Irritant Contact Dermatitis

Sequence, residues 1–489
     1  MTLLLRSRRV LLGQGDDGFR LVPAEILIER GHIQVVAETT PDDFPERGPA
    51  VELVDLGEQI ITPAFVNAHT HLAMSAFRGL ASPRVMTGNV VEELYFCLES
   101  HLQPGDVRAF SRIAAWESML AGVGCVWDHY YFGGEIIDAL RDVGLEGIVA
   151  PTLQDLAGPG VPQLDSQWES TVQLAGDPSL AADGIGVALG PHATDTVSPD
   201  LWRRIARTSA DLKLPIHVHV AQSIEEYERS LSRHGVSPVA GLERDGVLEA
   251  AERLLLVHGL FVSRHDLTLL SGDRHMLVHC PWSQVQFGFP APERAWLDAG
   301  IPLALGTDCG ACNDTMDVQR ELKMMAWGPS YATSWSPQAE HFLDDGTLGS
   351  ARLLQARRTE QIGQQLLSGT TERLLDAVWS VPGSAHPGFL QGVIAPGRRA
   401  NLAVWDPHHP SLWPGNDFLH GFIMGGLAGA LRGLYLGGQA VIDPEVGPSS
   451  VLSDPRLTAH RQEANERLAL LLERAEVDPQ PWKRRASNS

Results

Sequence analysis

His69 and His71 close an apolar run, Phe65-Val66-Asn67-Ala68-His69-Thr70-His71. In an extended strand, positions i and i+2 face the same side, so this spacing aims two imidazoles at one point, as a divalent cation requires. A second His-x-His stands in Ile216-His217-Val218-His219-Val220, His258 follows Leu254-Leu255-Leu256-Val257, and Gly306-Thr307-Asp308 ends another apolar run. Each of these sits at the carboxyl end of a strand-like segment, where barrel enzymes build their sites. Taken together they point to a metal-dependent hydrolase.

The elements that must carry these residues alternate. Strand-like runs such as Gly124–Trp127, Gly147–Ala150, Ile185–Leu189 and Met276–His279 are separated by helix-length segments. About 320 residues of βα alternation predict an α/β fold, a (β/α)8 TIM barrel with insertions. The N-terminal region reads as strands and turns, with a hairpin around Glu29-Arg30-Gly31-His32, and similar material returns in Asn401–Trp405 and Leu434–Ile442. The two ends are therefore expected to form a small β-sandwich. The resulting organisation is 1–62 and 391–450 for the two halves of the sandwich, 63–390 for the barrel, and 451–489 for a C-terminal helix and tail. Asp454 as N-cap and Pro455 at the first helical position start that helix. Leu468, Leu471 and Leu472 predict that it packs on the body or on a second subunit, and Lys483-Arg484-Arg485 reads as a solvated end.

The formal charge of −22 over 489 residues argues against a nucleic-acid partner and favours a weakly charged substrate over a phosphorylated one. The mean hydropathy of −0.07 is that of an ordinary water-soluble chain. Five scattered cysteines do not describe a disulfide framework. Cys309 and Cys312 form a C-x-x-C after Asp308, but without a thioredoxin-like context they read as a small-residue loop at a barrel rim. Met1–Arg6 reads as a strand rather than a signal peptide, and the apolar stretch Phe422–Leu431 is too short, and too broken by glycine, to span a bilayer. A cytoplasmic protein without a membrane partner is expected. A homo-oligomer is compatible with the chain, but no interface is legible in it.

Plant substances that cause direct irritation to human skin nearly instantaneously, without a body-mediated reaction, are inducers of irritant contact dermatitis (ICD). These reactions can range in severity based upon season, a plant's age, weather, area and thickness of skin exposed, and geographic location. ICD can be caused by either a chemical substance released by the plant or by some physical feature that causes mechanical injury. The best example of the latter are cacti, while poinsettias are the most frequently seen example of the former. Cactus needles and other mechanically injurious plants are frequently associated with secondary infections, such as aseptic foreign body granulomas and chronic septic arthritis. Poinsettias (Euphorbia splendens) and related primarily tropical plants contain a milky white sap that can cause erythema and bullae. Another common irritant is calcium oxalate, which pierces the skin with small, needle-like crystals. ICD caused by calcium oxalate crystals has been noted in Mexico among workers in tequila distilleries and farmers on Agave tequilana plantations. The disease that results is known locally as "Mal de agaveros" (agave worker's sickness) and begins within 1 hour of contact with the agave plant (37-47).

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